A warm welcome to you, Wendy. Lovely to see you again. I have invited you and your beloved to come maybe next June/July when the profusion of poppies are singing for joy; though the garden has seasonal moods which are just as beguiling :)

guild_rez said...

wonderful pictures..
Take good care of your wildflowers, they are precious.

A wildlife gardener said...

Lovely to see you again, guild_rez. The wild flowers keep on multiplying here at Barleycorn :)

Wendz said...

It's a date. Thank you.

A wildlife gardener said...

I look forward to that, Wendy :)

Z said...

When I was at school, I went on a French exchange trip to Belgium. In a public garden, the plinth of a statue was ornamented with oak leaves (in stone, I mean). He couldn't remember 'oak' so he said "quercus". "Ah, oui" I said, know-allinginly. "Chêne."

His English was far better than my French, didn't happen often!

I love wild flowers and always leave them in the garden if I can. Sometimes, of course, one discovers why they are treated as weeds, because they take over, but others are non-invasive and simply lovely.

Sheila said...

What an amazing and colourful collection of plants WG..!
I really think you could publish a book of your year, and it would be very popular.

A wildlife gardener said...

Welcome, z, to our little corner of paradise. I was amazed how long I could keep up my conversations in German with the family, when I had only used it a few times on holiday.

But in the garden, we were like long lost buddies..he being a botanist, and I the keen amateur gardener. I learned so much from him about some of my plants too.

You are quite correct in your comment about the invasive wild flowers. I have had to keep a lot of them in control until I filled in more spaces with sturdier plants which stop some of the more rampant ones from spreading themselves around too much. Campion, though I love it, can be a spreader...

I have to say I have had to do that with many cultivated plants orange Peruvian lily - an alstromeria, known in these parts as 'policeman's helmet' pops its seedpods beware of that plant.

Another is a very vigorous euphorbia, orange in colour (not fireglow), which I had to root out one year.

I mention these here to alert other blogpals who might want to give these plants 'a miss'.

So, I agree, it's all about control, till you get the balance right.

Hello, Sheila, and welcome to you again. What a great thought! Chance would be a fine thing :) you are definitely good for my morale!

shirl said...

Hi again, Wildlife Gardener

Great post, love the accompanying story and your photos too. Wild flowers really are quite pretty as your photos show. They do conjure up memories from childhood too don’t they? My favourite that I collected for my Mum was the cuckooflower also known as lady’s-smock.

Funnily enough I have been preparing a selection of wild flower photos for a post too – although I will need to use a book to help me identify them and I expect it will take me some time!

A wildlife gardener said...

Hello again, shirl. Lovely to hear from you. I love the lady's smock when it comes out...very sweet shade of mauve. I look forward to your post. Thanks for the compliments :)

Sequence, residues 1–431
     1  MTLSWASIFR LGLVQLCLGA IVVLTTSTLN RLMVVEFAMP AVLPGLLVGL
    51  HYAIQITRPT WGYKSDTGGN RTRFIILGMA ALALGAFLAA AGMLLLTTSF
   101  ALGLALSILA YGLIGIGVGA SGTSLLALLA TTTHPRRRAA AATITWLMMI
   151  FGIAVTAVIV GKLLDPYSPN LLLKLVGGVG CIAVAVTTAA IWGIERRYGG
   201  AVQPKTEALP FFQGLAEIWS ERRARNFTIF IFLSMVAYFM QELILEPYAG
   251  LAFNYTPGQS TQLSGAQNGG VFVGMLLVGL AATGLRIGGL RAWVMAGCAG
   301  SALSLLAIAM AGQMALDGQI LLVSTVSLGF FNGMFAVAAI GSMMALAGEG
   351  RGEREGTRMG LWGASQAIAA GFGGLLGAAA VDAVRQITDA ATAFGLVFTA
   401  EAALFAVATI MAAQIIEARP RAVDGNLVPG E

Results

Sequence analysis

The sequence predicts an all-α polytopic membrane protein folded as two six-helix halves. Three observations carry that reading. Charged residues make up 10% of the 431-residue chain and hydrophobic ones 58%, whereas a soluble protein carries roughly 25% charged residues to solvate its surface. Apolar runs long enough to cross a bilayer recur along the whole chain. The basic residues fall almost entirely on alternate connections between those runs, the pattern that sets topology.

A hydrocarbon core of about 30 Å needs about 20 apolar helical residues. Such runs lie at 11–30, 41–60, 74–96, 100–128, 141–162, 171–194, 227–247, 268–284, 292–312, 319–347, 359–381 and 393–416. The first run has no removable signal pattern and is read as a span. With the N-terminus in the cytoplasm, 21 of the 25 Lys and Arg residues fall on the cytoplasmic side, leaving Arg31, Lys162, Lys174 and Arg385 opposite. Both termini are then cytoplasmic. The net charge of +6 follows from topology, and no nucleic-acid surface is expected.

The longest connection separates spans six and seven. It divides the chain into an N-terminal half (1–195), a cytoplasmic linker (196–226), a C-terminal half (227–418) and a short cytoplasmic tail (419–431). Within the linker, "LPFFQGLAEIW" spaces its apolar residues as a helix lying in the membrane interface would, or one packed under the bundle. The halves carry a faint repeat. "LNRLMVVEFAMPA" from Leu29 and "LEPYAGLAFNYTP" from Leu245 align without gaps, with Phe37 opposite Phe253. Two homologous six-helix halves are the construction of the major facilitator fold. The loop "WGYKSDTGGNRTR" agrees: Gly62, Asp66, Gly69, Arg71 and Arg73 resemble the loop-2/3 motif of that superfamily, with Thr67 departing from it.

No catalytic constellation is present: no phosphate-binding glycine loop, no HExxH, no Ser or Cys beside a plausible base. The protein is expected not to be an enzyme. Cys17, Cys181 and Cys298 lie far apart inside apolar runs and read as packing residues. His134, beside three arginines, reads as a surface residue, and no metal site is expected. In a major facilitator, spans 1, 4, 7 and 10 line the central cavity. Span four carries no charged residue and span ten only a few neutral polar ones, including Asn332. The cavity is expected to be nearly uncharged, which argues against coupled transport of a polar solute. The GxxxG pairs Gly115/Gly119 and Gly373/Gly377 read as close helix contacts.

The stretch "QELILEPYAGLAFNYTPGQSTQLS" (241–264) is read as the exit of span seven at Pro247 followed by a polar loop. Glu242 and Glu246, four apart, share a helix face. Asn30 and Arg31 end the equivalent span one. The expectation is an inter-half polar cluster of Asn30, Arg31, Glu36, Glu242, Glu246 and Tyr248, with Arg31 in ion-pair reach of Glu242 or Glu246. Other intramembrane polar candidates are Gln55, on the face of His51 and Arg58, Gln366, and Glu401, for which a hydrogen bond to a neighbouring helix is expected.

Chris said...

This is a really lovely post with so many wild flowers :-) I know many of the common names but hardly any botanical names, thank you for naming them. Your gardens must be truly beautiful with so much wildlife.

Dawn said...

You even make the dandylions look good! I love to see all the gorgeous flowers in your garden. One of my favorites is the borage. They look like little blue stars. Your water garden in enviable. Such natural beauty must be totally therapeutic to live with everyday! :-)

A wildlife gardener said...

Good morning chris, and welcome once again. Lovely to see you. I can hardly believe I was an adult before I'd heard of Carl Linnaeus and his classification system, though I did know the botanical names of many flowers and plants way before then, in the way that you pay attention and 'home in' on information about a subject you find fascinating.

We do have a lot of wildlife visiting the garden, though, sad to report, with all the rain this summer, we have seen very little of our usual quota of butterflies, dragonflies and damselflies.

Hello again, Dawn. You are most welcome. I love the borage too. I make pretty ice-cubes with the heads. I store some in freezer bags to have on Christmas Day. Then, in the dead of winter, I have a little reminder of our garden in summer :)

The BBC reported that Scotland has had its wettest June for 70 years. Add to that the wind and the chilly temeratures we have had over the summer, and you can understand how therapeutic our wildflower cottage garden is to us :)

Marie said...

Interesting! Beautiful photoes!
Have a nice day :o)

Naturegirl said...

I enjoyed viewing the many wildflowers in your wild c0ttage garden! The forget-me-nots really caught my eye because mine only flower early Spring!I plant them in my memory garden with the cats who have passed away.
What a fancy name for the ~dandelion~ many of us toss away! It would be nice to walk your garden and make a crown of wild flowers! hugs NG

smilnsigh said...

Oh simply beautiful photos and flowers, all!!!

And oh my Dear, you must have much more back pain than I do. I'm so sorry. And it puts mine, in perspective.